the very end, and more. Okay, so the beginning of “Food for the gods” is
very similar to “Slaughter of the soul”, to the point where I expect Fridén to scream “GO (rip off one of your peer bands)!”
, but “Whoracle” is a much better album than “Slaughter” anyway, so IF
is just redistributing the melo death wealth towards the more deserving.


7.5. In Flames and veteran Gothenburg knob-twister Fredrik Nordström
did a fine job here, giving “Whoracle” a much clearer, improved sound
from “The jester race”, and made sure every instrument had a comfortable
place within the overall sound: the lead guitar has a properly light,
flexible tone to it, the rhythm guitar is a bit higher-pitched than
what’s normal, but still retains the right amount of roughness, the
drums have a nice, strong sound, the bass is pleasingly low and thick,
and the acoustic guitars always sound beautiful and crystal-clear.
Fridén’s vocals are often a bit low in the mix, but that’s probably a
result of the middling style he was using back in the day, so just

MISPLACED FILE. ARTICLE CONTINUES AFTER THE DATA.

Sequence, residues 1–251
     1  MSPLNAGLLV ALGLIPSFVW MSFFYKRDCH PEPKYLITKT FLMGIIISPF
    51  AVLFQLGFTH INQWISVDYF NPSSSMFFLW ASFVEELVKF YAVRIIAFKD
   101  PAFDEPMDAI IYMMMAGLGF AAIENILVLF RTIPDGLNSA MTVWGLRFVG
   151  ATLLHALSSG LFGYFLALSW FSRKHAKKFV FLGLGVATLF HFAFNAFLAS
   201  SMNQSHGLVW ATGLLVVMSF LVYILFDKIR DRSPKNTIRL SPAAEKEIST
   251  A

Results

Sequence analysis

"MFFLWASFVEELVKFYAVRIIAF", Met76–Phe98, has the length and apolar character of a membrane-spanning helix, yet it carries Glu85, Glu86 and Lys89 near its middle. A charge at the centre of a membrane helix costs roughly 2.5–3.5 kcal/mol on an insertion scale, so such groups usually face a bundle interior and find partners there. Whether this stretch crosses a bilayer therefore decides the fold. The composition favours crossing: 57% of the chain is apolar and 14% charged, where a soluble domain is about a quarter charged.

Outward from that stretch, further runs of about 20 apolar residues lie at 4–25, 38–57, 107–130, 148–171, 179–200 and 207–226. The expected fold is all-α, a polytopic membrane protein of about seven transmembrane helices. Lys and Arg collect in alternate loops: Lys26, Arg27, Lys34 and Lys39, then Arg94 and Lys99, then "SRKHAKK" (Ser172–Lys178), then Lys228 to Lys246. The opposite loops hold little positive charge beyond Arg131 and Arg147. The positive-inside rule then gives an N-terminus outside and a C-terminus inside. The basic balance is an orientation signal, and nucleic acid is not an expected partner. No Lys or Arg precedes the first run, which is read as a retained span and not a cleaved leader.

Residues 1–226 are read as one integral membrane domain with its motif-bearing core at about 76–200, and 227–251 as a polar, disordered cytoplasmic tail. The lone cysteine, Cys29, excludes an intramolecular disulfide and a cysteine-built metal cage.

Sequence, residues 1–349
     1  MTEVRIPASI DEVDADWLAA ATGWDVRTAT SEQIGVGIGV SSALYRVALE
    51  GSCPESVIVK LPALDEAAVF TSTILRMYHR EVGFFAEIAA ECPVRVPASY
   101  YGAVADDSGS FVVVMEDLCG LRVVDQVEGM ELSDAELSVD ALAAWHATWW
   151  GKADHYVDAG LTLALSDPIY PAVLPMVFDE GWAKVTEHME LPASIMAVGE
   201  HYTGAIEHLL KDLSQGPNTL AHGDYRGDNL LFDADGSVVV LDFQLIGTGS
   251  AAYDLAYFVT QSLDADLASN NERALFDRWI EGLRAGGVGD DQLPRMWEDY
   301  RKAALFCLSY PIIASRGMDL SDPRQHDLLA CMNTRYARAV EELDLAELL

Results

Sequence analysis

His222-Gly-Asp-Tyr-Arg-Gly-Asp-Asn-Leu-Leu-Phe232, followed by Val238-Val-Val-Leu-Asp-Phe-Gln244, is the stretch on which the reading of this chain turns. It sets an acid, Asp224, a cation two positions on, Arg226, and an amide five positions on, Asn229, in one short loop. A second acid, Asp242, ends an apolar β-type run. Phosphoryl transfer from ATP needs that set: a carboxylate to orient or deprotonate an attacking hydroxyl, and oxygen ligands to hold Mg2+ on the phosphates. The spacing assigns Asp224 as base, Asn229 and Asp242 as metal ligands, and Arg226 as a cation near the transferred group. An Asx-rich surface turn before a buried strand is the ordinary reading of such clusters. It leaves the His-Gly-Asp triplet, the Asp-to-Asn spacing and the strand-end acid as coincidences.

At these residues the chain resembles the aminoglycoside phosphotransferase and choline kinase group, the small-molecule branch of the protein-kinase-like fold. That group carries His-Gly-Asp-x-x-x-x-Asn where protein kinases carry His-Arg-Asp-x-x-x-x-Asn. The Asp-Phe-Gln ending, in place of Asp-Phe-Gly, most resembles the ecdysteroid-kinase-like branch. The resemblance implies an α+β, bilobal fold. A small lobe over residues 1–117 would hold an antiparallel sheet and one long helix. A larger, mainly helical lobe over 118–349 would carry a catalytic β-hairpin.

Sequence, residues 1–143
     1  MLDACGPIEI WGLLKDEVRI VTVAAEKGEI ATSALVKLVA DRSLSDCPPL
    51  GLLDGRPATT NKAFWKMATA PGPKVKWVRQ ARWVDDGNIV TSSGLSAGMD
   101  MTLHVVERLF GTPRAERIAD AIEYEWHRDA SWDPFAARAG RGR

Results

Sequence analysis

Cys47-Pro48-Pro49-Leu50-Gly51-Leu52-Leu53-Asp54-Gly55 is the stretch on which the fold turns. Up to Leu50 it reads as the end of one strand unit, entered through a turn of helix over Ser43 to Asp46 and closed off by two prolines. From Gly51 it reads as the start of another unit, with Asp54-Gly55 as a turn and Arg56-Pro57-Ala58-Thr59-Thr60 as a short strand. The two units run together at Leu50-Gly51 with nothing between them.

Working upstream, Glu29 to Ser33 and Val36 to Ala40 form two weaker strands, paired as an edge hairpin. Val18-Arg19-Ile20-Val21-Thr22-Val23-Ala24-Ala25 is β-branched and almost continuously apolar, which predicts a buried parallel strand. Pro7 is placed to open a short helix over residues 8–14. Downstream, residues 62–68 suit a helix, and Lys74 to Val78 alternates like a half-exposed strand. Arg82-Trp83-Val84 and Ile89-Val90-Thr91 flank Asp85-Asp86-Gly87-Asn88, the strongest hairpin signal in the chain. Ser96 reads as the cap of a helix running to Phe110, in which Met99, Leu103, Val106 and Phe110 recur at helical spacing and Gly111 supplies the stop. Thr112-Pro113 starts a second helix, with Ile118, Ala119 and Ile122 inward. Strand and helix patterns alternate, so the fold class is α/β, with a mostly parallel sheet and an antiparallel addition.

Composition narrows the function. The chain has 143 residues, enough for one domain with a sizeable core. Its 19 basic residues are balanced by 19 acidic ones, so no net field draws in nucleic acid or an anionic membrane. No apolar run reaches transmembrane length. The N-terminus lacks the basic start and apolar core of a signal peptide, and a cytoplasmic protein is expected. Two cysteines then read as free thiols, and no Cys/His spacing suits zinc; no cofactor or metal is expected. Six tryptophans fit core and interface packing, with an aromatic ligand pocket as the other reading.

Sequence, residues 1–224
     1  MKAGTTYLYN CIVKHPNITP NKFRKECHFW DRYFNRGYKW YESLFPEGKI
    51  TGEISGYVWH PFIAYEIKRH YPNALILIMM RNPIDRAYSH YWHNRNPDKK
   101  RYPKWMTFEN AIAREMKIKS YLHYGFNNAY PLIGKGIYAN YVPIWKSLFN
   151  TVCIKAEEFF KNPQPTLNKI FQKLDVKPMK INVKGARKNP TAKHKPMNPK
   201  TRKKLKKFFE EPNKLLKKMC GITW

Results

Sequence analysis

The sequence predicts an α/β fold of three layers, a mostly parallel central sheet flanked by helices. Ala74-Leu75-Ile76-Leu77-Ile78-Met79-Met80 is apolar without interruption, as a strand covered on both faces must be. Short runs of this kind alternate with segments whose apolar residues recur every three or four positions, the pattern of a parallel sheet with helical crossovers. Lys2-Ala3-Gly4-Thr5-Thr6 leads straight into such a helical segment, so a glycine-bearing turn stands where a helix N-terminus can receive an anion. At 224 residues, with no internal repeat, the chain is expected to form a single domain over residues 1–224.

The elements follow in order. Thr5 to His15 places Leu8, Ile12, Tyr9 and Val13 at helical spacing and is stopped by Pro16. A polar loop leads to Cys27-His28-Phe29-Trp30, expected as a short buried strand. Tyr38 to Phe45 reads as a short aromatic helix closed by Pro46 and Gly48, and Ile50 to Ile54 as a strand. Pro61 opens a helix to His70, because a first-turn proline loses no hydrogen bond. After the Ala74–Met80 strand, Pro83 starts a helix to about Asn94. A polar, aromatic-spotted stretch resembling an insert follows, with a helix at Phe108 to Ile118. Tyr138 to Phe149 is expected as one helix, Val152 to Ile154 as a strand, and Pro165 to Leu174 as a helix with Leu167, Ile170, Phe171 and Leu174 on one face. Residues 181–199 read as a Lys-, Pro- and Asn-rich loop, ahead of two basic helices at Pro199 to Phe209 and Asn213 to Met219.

forget I said anything.


9. Glenn Ljungström gives effectively catchy, energetic riffs with
his rhythm guitar, but the real guitar heroes here are Jesper Strömblad
and Björn Gelotte, on the leads. It’s no surprise the band needed two
guys to take care of the lead guitar work, with the incredible amount of
agile, winding solos that had to be played, which was probably the
single element that best defined the old IF sound (so you know they
couldn’t just neglect it). The dynamic duo also gives articulate,
full-bodied performances with their acoustic playing, so extra kudos for


5. Anders Fridén was smack-dab in the middle of his “subdued
talking/hoarse growl-screaming” phase at this time, sometimes
unexpectedly (and inappropriately, in my opinion) raising his volume for